6. Know the Standards of People You Work With or Around
The doctor explains. “Many individuals are unaware of how simple it is to spread illness. Your body releases viruses or germs that might infect others while you are ill. And even if you’re in good health, you might catch these infections from others around you.
Consequently, it is imperative to exercise caution when choosing the individuals you hang out with, do business with, and eat with. Whenever possible, stay away from ill people. If you can’t avoid them, avoid touching your face and frequently wash your hands.
Take precautions to avoid getting sick while at work, such as cleaning your desk and using hand sanitizer. Additionally, take care not to share your food or utensils with others when you are eating. These straightforward safety measures can assist.
7. Be Mindful of Animals and Their Hygiene
“Too many loving pet owners touch their pets and then touch the food, or their pets go on their kitchen counter,” Dr. Mitchell says. “This is a resounding no for me. I am a dog lover and have owned a dog, but I have my boundaries regarding hygiene.
Animals lick their genitals and come in contact with their bodily fluids and that of others, more than I care to know. This is concerning, as there are many ways in which pets can transmit diseases to humans. For example, pets can carry bacteria on their fur that can cause gastrointestinal illness if transferred to humans. They can also transmit parasites to people, such as roundworms and tapeworms.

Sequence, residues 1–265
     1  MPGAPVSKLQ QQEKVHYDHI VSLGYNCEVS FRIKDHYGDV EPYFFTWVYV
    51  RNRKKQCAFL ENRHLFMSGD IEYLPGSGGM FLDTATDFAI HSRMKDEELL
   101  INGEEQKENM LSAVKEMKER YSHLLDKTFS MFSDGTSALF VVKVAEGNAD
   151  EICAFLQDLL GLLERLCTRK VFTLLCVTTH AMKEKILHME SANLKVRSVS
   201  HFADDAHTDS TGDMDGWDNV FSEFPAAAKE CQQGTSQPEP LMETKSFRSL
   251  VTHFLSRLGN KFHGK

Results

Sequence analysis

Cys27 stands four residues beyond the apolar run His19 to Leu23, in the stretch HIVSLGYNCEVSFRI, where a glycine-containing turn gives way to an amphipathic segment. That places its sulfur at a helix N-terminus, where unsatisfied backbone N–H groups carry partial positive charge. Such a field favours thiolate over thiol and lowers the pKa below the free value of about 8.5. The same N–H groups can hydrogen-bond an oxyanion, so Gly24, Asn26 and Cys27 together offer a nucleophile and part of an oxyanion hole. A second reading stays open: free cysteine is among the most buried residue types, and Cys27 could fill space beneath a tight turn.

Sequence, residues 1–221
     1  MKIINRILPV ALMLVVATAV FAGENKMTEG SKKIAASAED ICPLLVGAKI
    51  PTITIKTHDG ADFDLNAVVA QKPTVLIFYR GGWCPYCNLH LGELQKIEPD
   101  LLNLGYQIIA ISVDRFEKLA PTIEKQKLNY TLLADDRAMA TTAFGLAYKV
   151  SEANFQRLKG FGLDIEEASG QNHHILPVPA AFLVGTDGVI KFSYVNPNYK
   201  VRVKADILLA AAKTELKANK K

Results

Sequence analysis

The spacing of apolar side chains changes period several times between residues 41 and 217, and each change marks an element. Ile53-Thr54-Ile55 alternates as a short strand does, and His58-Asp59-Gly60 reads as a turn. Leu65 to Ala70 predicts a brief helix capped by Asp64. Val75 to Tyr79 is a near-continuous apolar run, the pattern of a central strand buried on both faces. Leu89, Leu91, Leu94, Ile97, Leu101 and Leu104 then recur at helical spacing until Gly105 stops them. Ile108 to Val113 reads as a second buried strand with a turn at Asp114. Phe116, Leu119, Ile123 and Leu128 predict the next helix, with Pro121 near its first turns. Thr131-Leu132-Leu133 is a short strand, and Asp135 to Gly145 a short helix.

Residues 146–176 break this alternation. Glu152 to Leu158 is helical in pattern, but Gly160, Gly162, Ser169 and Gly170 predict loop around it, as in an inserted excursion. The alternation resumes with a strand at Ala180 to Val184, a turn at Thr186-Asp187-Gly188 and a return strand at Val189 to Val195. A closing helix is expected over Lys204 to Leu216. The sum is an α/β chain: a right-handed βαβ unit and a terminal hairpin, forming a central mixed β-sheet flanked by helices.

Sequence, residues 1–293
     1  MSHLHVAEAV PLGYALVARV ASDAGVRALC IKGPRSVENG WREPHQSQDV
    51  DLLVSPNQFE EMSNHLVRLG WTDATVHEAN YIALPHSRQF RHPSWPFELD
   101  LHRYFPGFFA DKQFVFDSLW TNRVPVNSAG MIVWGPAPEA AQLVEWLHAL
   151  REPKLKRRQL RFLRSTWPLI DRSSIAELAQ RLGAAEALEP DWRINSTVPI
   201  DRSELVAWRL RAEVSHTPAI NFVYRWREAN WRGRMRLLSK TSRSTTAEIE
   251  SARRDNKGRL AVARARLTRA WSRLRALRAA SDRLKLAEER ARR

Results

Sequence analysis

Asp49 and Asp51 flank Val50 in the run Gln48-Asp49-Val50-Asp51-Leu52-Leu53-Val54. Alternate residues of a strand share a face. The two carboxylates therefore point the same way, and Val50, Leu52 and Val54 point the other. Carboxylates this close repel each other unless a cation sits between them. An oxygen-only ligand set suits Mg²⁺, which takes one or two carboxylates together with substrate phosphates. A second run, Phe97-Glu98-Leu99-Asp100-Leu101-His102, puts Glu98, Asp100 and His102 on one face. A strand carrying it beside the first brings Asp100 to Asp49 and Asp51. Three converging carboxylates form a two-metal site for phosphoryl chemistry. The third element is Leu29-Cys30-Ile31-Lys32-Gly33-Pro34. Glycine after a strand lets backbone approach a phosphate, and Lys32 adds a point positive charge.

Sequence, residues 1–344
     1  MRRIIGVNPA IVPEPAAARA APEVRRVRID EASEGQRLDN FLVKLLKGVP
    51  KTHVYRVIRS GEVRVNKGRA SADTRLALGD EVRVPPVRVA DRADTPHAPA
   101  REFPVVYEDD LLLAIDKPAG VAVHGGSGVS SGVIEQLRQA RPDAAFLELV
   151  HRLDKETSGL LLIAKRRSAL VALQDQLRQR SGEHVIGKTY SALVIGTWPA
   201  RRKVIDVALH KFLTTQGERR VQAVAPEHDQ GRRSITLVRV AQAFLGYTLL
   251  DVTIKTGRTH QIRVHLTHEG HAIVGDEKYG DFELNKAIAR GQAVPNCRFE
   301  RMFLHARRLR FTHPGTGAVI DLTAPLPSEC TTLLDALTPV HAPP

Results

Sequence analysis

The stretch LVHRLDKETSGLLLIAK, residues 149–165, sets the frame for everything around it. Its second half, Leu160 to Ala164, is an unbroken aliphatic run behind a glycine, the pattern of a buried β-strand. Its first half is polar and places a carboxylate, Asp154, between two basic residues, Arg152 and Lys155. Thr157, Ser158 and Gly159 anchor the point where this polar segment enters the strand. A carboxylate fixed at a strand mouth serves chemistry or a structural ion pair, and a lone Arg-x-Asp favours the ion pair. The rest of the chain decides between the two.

Additionally, some pets may be infected with zoonotic viruses, such as rabies or influenza, which can be passed on to humans. As a result, it is essential for pet owners to practice good hygiene and always wash their hands after coming into contact with animals. Failure to do so could put themselves and others at risk for serious illness.
8. Live a Healthy Lifestyle
“I am not perfect, but some habits are a definite no-no for me,” admits Dr. Mitchell. The first one smokes, whereas the second one leads a sedentary lifestyle. I enjoy eating, and I am aware that occasionally I have a sweet appetite, but overall I consume a healthy, varied diet.
Maintaining a healthy lifestyle is crucial for strengthening immunity as well as preventing illness. The body is better prepared to fend against infection and disease when it is operating at its peak.
A strong immune system is maintained in large part by nutrition. Antioxidants, vitamins, and minerals help the body’s defensive mechanisms. Furthermore, a strong immune system depends on getting enough sleep and exercising regularly.